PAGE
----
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BMW 3 Series 330d xDrive Touring M Sport

Practical boot adds significant capacity gains over the saloon

October 2013

picture of car from the front picture of car from the rear picture of car interior picture of car detail

Overall rating

4 out of 5 stars

Likes:

  • Practical boot adds significant capacity gains over the saloon
  • Smooth and quiet cruising ability
  • Balanced and poised driving dynamics offer rewarding journeys
  • Added mechanical grip welcome in unfavourable weather conditions

Gripes:

  • Diesel engine can sound gruff when pushed hard
  • Auto gearlever could be easer to operate
  • Standard spec still demands more than a few cost options to help car justify premium badge
  • Eco driving modes can dull driving experience
For all BMW's considerable marketing efforts to promote its rear-wheel drive cars as 'ultimate driving machines' it also makes some pretty good all-wheel drive cars. Sadly for the purists, those cars are chunky SUVs, not agile sports saloons. That's changed with the introduction of xDrive-badged regular BMWs like the firm's 3 Series Touring.

Sports saloons - and estates - are predictably popular with keen drivers, but when the conditions underfoot change many will clamour for the default winter choice: an SUV. With an all-wheel drive option available for an increasing number of conventional BMW models, buyers who have yet to jump on the SUV bandwagon can sleep soundly again.

A word of caution, though. Unlike the firm's ubiquitous X5, a total-traction 3 Series is not aimed at the go anywhere brigade. It's role is to deliver more grip when conditions deteriorate, not allow you to charge across muddy fields. In reality, little has changed beyond the inclusion of the extra transmission hardware. If you want something more rugged but not an SUV you're going to need something from Audi sporting an 'allroad' badge.

Still, the car in question, a high power diesel estate, could for many prove to be an ideal blend of practicality and performance. The 3.0-litre engine has received considerable critical acclaim and combining it with a practical yet stylish compact executive load-lugger is likely to appeal to buyers who have grown out of more utilitarian Subarus and don't fancy the prospect of running a genuine SUV.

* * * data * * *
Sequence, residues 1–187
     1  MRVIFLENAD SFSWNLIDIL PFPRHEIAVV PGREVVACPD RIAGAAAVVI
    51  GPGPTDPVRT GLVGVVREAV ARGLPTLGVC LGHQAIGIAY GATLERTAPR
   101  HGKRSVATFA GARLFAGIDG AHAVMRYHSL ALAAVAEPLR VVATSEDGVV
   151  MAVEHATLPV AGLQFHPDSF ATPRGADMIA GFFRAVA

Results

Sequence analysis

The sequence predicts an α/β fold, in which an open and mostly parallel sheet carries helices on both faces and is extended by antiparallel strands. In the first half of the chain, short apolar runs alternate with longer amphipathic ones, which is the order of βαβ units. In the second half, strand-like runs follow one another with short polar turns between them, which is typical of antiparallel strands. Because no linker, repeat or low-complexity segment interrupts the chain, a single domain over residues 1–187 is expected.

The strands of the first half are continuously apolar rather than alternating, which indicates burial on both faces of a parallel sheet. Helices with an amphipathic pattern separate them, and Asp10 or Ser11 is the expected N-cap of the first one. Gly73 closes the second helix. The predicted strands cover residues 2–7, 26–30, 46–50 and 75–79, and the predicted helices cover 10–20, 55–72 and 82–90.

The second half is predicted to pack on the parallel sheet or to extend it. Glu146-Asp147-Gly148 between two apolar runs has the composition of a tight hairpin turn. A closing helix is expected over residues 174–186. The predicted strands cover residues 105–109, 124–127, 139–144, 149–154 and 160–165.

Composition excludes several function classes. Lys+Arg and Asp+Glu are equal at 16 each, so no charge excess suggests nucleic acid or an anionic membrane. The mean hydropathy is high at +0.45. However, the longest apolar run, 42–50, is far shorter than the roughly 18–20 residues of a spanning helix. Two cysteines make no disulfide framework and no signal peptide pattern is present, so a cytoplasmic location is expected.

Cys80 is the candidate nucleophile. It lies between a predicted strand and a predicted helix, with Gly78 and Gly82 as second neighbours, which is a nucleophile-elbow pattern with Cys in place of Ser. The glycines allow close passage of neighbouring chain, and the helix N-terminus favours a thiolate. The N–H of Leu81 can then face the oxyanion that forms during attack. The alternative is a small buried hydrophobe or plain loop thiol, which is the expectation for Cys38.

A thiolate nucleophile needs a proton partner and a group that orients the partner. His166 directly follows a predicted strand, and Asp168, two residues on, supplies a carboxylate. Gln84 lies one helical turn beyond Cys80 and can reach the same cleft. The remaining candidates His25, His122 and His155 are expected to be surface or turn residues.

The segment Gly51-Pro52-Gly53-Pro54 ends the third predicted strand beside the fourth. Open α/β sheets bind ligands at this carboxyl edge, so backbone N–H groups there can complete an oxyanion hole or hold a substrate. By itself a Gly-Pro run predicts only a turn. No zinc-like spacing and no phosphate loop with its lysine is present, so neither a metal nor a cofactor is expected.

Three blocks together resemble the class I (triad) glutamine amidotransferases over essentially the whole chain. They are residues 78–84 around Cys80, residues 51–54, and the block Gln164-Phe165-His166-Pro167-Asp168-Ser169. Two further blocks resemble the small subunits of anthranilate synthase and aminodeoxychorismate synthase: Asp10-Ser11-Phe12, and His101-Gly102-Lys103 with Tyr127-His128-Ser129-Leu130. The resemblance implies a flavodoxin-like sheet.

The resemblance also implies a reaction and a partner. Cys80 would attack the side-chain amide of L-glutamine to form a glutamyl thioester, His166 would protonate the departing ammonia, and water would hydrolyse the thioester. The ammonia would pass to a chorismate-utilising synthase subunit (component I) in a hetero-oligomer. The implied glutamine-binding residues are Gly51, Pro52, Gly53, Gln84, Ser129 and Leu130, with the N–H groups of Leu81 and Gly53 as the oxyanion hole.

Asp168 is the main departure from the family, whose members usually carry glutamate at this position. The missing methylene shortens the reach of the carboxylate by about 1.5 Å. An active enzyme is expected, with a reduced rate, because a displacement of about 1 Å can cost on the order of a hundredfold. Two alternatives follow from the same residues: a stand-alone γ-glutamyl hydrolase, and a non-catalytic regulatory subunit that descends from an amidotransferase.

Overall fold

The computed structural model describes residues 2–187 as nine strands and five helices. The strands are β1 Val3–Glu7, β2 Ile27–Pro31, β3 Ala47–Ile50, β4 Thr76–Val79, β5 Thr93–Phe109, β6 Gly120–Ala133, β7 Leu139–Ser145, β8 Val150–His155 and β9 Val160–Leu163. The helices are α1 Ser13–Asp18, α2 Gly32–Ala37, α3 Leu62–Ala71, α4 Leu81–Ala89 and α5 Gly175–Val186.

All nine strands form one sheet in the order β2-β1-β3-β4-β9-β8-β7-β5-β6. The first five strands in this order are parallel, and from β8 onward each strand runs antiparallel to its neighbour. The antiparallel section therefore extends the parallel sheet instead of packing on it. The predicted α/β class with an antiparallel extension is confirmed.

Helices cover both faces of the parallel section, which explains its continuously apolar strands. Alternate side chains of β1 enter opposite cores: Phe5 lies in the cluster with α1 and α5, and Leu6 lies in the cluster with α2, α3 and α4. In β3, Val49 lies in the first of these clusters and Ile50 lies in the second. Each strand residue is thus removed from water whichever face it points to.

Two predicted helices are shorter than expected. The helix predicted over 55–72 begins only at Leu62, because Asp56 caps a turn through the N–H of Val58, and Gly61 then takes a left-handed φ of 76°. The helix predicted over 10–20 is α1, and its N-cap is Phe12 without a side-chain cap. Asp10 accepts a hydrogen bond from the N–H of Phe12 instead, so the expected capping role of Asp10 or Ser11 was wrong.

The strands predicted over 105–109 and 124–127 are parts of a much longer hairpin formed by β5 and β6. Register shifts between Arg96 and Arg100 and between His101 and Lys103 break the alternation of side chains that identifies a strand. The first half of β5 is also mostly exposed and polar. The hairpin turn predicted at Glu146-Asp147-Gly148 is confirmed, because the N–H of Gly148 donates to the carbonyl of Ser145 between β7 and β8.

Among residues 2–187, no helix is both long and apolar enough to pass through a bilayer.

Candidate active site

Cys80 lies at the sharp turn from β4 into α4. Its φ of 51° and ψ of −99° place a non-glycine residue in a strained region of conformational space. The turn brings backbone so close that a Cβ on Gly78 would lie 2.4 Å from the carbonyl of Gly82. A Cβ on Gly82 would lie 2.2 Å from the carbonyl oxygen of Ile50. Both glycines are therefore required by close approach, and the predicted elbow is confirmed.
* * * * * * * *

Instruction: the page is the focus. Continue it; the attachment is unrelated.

For generally slippery road conditions and mud-strewn country lanes it's hard to see why you'd want something more than something like this 3 Series. An SUV would be overkill unless you plan on regularly towing caravans or trailers, and the extra fuel penalty incurred from running even the more economical full-blown 4x4 would be hard to justify if you never ventured off road.

Our verdict on the 3 Series 330d xDrive Touring M Sport
In 330d xDrive Touring guise BMW's 3 Series becomes considerably more appealing if you're seeking a do it all compact estate car for that busy active lifestyle. It also shines in adverse conditions where you want - and need - extra grip and security such as rain-drenched motorways and greasy rural B-roads. In every other respect this 3 Series Touring performs like any other; it's well built, thoughtfully equipped and the cabin is tastefully appointed in easy on the eye and durable materials.